Imperfection as the Norm
AbstractAlthough we generally teach economics as if markets formed a perfect system, in reality, there are many instances of partial and complete market failure in the real economy. Imperfections complicate models and analyses. Therefore, it is better to first introduce students to the model of the ideal-typical perfect system. In addition, in many circumstances, equilibrium and partial equilibrium models derived from the ideal-typical system have yielded good insights and results. However, ignoring imperfections carries several costs, including neglect of the role of institutions, and probably too much confidence in the self-correcting power of markets by policy makers.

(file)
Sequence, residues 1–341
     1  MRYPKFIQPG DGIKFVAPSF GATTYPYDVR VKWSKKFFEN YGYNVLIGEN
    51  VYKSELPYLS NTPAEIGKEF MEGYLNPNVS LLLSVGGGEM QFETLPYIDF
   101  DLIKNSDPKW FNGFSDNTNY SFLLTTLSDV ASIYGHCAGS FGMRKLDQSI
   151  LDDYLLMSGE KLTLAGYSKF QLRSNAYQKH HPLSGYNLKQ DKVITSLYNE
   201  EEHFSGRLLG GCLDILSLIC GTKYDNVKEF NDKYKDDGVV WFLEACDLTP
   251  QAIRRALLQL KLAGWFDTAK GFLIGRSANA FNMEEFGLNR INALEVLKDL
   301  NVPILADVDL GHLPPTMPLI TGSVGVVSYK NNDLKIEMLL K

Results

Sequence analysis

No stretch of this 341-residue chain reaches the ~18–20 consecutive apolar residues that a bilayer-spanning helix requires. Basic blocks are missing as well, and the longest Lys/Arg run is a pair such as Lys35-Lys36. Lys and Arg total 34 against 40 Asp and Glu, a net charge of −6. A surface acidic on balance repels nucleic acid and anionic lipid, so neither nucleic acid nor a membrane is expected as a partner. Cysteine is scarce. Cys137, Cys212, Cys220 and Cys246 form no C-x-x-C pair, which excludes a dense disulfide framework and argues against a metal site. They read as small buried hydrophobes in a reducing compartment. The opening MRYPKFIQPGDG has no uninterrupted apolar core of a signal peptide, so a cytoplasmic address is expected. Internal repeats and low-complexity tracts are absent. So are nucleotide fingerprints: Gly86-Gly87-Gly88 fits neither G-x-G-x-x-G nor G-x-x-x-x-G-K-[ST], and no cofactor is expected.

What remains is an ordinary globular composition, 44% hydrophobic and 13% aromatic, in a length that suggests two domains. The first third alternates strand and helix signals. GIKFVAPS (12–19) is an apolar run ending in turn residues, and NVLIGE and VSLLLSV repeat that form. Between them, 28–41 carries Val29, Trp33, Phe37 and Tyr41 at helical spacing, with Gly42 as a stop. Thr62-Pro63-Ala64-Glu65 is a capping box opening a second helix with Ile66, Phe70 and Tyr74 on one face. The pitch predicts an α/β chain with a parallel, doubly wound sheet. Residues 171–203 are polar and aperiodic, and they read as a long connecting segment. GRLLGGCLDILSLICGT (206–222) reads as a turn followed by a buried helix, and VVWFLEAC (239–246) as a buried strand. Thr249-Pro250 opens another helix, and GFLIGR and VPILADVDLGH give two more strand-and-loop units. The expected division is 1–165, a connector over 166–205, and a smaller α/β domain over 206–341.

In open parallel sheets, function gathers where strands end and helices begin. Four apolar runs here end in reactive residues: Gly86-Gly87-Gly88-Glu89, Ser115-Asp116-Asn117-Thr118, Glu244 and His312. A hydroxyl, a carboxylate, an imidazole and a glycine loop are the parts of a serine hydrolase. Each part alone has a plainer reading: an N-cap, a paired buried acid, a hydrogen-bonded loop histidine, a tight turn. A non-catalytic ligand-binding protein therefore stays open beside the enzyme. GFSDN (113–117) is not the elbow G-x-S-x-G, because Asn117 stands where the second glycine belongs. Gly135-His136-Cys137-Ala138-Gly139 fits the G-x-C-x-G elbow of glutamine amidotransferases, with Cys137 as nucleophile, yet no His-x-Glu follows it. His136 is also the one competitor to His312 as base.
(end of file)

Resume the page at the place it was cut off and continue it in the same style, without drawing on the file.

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Bibliographic InfoArticle provided by Southern Regional Science Association in its journal Review of Regional Studies.
Volume (Year): 39 (2009)
Issue (Month): 1 ()
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Economics; Equilibrium; Institution;
Find related papers by JEL classification:
- A20 - General Economics and Teaching - - Economic Education and Teaching of Economics - - - General
- B21 - Schools of Economic Thought and Methodology - - History of Economic Thought since 1925 - - - Microeconomics
- D02 - Microeconomics - - General - - - Institutions: Design, Formation, and Operations
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